In 1910, Kokoschka moved from Impressionism to Expressionism. He sought to express both intellectual and emotional experiences, “the reality behind the appearance.”1
He became particularly able in suggesting deep space, as shown in our painting. Kokoschka stated “an especially characteristic feature of my art is my gift to create in the onlooker the illusion of space, while ignoring the ordinary means of geometric perspective.”2
In truth, he always liked to paint from the highest points, thus achieving the greatest visual scope.At first, Kokoschka concentrated on portraiture but later his interests broadened, and in 1923 he began to travel and discover the expanse and beauty of the natural world. This new subject matter was soon developed into the mature style seen in Tower Bridge, London,
painted on his first trip to England. He painted the scene from the north side of the Thames near London Bridge, capturing the vibrant life of the river and the wharfs. The impression of a moment in time is created by contrasting planes and colors without the necessity of minute detail. This work also reveals Kokoschka's characteristic brush stroke, his extraverted approach and his great objectivity.Endnotes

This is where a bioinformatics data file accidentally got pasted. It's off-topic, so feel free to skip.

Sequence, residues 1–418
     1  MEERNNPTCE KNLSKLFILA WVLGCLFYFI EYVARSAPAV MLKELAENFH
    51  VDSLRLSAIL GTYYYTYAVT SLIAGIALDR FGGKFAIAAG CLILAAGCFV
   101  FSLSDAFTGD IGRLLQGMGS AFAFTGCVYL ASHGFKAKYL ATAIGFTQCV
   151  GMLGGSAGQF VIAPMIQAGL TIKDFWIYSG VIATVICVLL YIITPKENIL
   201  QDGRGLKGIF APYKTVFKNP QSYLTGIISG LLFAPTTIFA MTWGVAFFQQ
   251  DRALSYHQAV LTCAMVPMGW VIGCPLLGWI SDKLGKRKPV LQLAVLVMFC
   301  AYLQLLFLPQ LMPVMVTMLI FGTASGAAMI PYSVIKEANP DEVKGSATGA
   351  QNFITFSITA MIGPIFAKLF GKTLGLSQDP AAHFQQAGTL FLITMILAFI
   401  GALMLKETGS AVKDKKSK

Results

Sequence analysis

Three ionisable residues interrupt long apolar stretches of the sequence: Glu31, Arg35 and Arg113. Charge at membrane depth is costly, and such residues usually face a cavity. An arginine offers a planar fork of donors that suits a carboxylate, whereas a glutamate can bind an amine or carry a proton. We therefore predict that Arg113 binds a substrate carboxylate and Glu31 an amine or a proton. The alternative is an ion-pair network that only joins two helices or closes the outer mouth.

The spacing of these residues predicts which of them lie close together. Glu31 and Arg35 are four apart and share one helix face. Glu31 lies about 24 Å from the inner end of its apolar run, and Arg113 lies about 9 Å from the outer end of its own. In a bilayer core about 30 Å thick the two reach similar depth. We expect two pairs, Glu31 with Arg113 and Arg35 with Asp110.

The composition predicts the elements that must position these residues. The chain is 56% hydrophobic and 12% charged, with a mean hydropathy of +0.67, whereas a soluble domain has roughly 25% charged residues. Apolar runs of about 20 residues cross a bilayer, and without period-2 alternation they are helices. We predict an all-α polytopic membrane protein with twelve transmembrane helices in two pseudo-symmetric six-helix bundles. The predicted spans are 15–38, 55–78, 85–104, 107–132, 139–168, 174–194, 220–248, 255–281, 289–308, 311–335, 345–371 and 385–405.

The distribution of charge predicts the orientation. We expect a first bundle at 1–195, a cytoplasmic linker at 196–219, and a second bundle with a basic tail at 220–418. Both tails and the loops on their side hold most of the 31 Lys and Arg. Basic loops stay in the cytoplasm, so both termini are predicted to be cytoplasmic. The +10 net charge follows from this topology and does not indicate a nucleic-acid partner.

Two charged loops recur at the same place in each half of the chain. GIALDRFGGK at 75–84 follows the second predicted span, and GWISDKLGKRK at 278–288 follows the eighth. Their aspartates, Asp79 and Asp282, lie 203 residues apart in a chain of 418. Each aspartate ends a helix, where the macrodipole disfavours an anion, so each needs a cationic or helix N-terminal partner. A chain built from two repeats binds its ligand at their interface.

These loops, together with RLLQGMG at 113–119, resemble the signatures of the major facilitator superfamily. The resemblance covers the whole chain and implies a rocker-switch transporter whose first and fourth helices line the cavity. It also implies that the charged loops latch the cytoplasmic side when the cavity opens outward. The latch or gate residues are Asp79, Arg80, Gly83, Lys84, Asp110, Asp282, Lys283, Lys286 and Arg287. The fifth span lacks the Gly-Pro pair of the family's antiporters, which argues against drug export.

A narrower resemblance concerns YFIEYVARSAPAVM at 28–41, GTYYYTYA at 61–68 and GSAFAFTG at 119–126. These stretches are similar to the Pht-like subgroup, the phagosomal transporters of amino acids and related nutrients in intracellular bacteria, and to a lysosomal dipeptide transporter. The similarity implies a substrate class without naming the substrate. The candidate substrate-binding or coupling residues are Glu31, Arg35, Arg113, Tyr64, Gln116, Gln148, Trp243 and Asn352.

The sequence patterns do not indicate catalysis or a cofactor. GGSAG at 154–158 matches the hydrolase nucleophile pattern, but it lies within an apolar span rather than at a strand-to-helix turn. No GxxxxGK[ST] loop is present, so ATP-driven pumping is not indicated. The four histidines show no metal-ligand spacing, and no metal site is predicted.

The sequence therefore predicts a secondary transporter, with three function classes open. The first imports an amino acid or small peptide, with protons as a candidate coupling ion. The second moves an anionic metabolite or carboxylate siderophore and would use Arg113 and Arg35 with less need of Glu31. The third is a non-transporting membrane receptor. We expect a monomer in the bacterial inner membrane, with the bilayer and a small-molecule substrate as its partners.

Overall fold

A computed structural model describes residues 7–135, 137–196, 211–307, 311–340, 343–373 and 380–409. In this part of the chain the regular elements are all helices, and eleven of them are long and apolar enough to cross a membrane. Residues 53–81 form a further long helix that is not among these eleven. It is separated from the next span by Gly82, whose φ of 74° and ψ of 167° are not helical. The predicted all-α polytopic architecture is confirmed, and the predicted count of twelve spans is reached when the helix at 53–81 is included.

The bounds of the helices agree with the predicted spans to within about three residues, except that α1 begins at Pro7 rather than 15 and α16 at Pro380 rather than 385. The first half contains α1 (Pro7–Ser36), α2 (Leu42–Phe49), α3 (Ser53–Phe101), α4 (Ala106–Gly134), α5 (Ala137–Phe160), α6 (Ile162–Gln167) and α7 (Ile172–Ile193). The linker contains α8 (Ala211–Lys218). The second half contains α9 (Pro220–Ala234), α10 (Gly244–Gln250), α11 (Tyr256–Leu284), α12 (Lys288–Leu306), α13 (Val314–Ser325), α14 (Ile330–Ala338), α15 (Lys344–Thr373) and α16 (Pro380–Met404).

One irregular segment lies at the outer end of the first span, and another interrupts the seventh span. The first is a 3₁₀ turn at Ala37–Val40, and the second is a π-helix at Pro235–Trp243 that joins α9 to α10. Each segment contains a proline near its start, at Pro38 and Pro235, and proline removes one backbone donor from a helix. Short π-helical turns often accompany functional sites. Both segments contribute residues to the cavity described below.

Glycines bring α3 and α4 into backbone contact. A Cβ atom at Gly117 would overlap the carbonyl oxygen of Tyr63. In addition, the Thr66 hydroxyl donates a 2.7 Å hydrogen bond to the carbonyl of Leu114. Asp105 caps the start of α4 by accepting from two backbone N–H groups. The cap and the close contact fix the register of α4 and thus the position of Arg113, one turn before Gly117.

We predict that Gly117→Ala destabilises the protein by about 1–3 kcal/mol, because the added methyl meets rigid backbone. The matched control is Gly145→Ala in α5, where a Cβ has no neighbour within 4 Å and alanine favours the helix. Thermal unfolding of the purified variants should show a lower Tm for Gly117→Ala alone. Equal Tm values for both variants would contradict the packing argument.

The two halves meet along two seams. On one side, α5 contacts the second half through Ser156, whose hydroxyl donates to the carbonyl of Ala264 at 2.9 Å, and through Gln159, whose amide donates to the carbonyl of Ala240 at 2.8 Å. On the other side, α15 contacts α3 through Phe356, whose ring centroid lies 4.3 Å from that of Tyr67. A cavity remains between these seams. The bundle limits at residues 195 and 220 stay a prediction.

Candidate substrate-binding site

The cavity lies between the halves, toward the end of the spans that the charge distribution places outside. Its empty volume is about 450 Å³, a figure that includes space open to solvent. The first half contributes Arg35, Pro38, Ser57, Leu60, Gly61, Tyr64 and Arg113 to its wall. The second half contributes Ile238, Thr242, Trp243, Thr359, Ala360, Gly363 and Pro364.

Referenced Work of Art
- Edith Hoffmann, Kokoschka, His Life and Work, London, Faber and Faber, 1947, p. 72.
- Ibid., p. 137.
- Oskar Kokoschka, Austrian, 1886- . Tower Bridge, London, 1925. Oil on canvas, 30” x 50”. Signed and dated, on the back: O K London Juli 25. Accession 61.36.5CollectionsKunsthalle, Hamburg; Galerie Fischer, Lucerne; Joseph von Sternberg, Hollywood; P. D. McMillan, Minneapolis, 23 November, 1949; The Minneapolis Institute of Arts, Bequest of Putnam Dana McMillan, 15 November, 1961.ExhibitedHamburg, Kunsthalle, 1925
Zurich, Kunsthaus, 1927
London, Leicester Galleries, 1928
Mannheim, Kunsthalle, 1931
Los Angeles County Museum, 1939, 1943
Chicago, Arts Club, 1946
Boston, Institute of Contemporary Art, Oskar Kokoschka, 1948
Subsequently exhibited at: New York, The Museum of Modern Art; San Francisco, M. H. De Young Memorial Museum; Washington, The Phillips Memorial Gallery; St. Louis, City Art Museum.ReferencesSheldon, Cheney, A Primer of Modern Art, New York, Tudor, 1939, p. 16.
Edith Hoffmann, Kokoschka, His Life and Work, London, Faber and Faber, 1947, p. 148.
James S. Plaut, Oskar Kokoschka, New York, Chanticleer, 1948.
Margaret Lowengrund, “Oskar Kokoschka,” Art Digest, XXIII:19, August, 1949, p. 9.
Hans Maria Wingler, Oskar Kokoschka, Innsbruck, Galerie Welz Salzburg, 1958, p. 315.